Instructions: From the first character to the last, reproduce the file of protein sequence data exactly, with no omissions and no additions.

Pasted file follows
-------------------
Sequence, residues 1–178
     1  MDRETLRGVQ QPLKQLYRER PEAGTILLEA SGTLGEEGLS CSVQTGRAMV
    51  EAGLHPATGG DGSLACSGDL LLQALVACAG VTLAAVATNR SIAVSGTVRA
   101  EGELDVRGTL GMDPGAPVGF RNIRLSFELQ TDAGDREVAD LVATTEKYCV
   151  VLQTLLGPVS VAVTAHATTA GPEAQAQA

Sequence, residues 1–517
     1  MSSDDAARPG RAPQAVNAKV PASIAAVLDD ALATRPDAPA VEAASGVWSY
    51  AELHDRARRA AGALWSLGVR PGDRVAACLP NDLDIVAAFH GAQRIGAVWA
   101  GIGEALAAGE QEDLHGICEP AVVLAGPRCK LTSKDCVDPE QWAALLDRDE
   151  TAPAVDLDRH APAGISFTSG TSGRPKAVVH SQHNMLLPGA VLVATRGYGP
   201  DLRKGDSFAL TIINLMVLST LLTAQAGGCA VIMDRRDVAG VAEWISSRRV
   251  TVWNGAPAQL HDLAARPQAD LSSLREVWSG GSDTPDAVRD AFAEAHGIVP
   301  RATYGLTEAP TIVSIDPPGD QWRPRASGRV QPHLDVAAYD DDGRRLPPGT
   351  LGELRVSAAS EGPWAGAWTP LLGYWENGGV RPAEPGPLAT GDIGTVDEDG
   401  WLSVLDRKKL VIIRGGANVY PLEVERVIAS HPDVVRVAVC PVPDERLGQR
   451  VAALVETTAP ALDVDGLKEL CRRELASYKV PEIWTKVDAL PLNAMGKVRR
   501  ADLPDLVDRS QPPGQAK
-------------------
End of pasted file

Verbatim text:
Sequence, residues 1–178
     1  MDRETLRGVQ QPLKQLYRER PEAGTILLEA SGTLGEEGLS CSVQTGRAMV
    51  EAGLHPATGG DGSLACSGDL LLQALVACAG VTLAAVATNR SIAVSGTVRA
   101  EGELDVRGTL GMDPGAPVGF RNIRLSFELQ TDAGDREVAD LVATTEKYCV
   151  VLQTLLGPVS VAVTAHATTA GPEAQAQA

Sequence, residues 1–517
     1  MSSDDAARPG RAPQAVNAKV PASIAAVLDD ALATRPDAPA VEAASGVWSY
    51  AELHDRARRA AGALWSLGVR PGDRVAACLP NDLDIVAAFH GAQRIGAVWA
   101  GIGEALAAGE QEDLHGICEP AVVLAGPRCK LTSKDCVDPE QWAALLDRDE
   151  TAPAVDLDRH APAGISFTSG TSGRPKAVVH SQHNMLLPGA VLVATRGYGP
   201  DLRKGDSFAL TIINLMVLST LLTAQAGGCA VIMDRRDVAG VAEWISSRRV
   251  TVWNGAPAQL HDLAARPQAD LSSLREVWSG GSDTPDAVRD AFAEAHGIVP
   301  RATYGLTEAP TIVSIDPPGD QWRPRASGRV QPHLDVAAYD DDGRRLPPGT
   351  LGELRVSAAS EGPWAGAWTP LLGYWENGGV RPAEPGPLAT GDIGTVDEDG
   401  WLSVLDRKKL VIIRGGANVY PLEVERVIAS HPDVVRVAVC PVPDERLGQR
   451  VAALVETTAP ALDVDGLKEL CRRELASYKV PEIWTKVDAL PLNAMGKVRR
   501  ADLPDLVDRS QPPGQAK